Yesterday, Judge Brett Kavanaugh said one thing to the Senate Judiciary Committee that is undeniably true: his reputation is gone. The loss is irrevocable. No amount of arm-twisting or political wrangling can bring it back. His Honor’s honor has dried up, evaporated in a matter of days. The supersonic speed at which it disappeared might well have been nausea-inducing to one such as Kavanaugh, who explained to a national audience yesterday that he has a sensitive stomach.
Yet yesterday Kavanaugh came out swinging, as though more bad behavior could rectify what he sees at the unfairness of establishing whether he is truly belongs on the nation’s high bench. That society is turning up its nose at Brett Kavanaugh–a society that can’t be manipulated or argued with–is precisely what is fueling his rage and that of some Republicans on the judiciary committee. For even if an FBI investigation were to disprove Dr. Christine Blasey-Ford’s allegations, it cannot explain away the maudlin and creepy sides of Kavanaugh’s character that came out yesterday as he tried to dismiss his accuser and assert his claims as a victim.
Some Republicans on the committee fumed and chewed the scenery, too. They too charged that something unfair had happened. The appearance of Dr. Ford was so politically toxic to them that they well nigh disappeared while she was in the room. The pool cameras did not show the faces of the Republican members (except for chairman Grassley, who could not hide, and Orrin Hatch, fitfully, who sat immediately to Grassley’s right). Republicans were not just invisible but silent, hiring a surrogate to interact with the injured woman before them. This tactic enabled them to avoid acknowledging her or “touching” her story in any way. To speak to her directly, to ask her any question, would have been to credit her as one who was making a claim. Effectively, the senators refrained from hearing her to the extent that they could, evidently hoping that the rest of us would follow their lead.
Nonetheless, they could not make Dr Ford or the great impression she made, go away. Who would have expected Dr Ford to be so unaffected, or to have such a girlish voice? Who could have neutralized the authenticity encoded in her unruly curls? And who could disbelieve her when she declared she was no one’s pawn?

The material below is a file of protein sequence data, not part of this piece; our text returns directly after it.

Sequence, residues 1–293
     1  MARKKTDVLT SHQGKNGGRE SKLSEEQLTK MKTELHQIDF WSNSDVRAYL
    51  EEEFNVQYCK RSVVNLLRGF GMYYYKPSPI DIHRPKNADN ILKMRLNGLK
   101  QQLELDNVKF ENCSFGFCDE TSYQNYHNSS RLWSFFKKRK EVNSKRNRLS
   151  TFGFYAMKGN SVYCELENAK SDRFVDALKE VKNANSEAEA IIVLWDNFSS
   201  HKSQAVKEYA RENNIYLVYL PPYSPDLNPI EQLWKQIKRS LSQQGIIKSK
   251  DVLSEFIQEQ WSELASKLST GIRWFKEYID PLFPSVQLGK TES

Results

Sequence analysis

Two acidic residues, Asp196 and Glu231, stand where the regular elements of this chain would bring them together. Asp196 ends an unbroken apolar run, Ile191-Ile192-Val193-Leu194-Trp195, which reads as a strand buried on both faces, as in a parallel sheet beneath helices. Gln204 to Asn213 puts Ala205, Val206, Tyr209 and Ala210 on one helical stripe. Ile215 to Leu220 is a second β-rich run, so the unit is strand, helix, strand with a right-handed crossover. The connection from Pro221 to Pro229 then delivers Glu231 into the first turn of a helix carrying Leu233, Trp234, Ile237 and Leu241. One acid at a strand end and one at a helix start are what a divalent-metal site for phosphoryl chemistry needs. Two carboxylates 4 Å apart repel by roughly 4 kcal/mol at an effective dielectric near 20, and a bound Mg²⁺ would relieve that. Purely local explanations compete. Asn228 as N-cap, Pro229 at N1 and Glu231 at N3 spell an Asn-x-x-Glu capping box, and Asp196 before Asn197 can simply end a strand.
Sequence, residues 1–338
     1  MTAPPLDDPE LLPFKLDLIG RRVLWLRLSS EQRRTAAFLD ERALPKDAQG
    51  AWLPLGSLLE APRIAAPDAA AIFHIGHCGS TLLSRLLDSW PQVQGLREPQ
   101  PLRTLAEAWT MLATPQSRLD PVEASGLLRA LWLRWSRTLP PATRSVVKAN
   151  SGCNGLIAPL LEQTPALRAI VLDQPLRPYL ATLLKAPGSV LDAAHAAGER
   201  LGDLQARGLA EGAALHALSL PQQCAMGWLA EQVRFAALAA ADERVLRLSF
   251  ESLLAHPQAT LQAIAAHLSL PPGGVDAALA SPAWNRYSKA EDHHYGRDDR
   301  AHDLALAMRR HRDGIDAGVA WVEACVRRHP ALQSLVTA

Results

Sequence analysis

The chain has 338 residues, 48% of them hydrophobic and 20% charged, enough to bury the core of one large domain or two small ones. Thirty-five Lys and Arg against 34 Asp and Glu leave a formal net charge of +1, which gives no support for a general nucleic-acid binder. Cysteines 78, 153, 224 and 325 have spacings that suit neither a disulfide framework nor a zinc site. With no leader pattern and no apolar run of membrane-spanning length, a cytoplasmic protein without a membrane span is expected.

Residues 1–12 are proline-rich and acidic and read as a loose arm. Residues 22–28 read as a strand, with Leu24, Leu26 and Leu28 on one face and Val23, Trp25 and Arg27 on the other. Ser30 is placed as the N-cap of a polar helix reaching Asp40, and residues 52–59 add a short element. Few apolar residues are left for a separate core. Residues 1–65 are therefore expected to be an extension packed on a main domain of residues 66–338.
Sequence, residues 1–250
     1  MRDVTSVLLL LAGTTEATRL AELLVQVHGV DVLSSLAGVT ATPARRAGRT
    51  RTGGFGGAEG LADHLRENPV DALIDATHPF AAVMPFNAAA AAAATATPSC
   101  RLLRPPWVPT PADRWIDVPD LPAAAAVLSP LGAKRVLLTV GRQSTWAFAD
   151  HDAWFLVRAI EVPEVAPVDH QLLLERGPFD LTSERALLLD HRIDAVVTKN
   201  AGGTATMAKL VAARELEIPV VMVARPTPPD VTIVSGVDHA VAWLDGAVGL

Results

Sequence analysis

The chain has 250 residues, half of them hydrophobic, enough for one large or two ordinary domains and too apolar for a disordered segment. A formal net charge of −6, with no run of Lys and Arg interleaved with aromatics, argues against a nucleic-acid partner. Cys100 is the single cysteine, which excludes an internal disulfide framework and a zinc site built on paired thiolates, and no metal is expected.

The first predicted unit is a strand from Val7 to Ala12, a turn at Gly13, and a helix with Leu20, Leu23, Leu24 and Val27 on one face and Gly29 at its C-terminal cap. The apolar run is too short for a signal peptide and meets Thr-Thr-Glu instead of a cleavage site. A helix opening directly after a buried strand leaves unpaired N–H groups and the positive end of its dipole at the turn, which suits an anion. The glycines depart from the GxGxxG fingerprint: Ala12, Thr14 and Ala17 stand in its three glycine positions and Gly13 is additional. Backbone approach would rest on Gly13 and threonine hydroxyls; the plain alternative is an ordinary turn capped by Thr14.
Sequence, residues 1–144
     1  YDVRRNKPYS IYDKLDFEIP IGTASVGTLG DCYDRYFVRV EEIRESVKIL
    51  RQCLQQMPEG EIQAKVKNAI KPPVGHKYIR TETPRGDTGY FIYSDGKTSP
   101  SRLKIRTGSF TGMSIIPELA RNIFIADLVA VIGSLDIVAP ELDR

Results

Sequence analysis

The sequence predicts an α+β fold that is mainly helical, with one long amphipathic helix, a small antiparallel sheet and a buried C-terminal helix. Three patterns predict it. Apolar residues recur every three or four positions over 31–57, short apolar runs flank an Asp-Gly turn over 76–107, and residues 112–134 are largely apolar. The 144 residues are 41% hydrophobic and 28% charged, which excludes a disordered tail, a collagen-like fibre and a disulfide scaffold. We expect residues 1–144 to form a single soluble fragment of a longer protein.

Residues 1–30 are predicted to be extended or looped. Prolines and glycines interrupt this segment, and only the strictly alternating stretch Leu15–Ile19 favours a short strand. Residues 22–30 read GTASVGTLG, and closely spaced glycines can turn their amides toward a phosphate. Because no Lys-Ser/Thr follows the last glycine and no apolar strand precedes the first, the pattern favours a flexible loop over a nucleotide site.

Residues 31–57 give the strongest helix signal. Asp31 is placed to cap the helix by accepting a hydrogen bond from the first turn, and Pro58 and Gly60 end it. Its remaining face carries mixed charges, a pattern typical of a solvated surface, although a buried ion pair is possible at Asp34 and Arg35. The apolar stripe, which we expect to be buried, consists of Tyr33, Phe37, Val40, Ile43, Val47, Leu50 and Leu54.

Yet the nominee and his ardent backers needed someone other than Brett Kavanaugh to blame for an effort suddenly gone so wrong. Lindsay Graham burst into an undignified howl against the Democrats, echoing Kavanaugh’s self-pitying claim that he was the victim of a well-organized “political hit.” The Republicans’ chief bogeyman was the ranking Democrat, Diane Feinstein, whom they blamed alternately for keeping Dr Ford’s story under wraps and for letting it out.
The Republicans’ anger is understandable because Brett Kavanaugh is damaged goods. It’s a fact that nothing can undo. Given that they are bent on elevating him to a high and illustrious position, his disgrace is of a sort that implicates them too. Now they are stuck with perfuming the pig, pushing such a one off on the public, and hoping that none of its muck ends up sticking to them.
Ironically, President Trump is the big gainer in this. Even if Kavanaugh’s nomination fails, Trump will have seen his sometimes fractious counterparts in the Senate throwing their own moral scruples overboard to rally round a two-bit character whose evasions and equivocations will be remembered until the day he dies. An unseemly spectacle, this capitulation. In the wake of it, what impediment to Trump can such senators pose?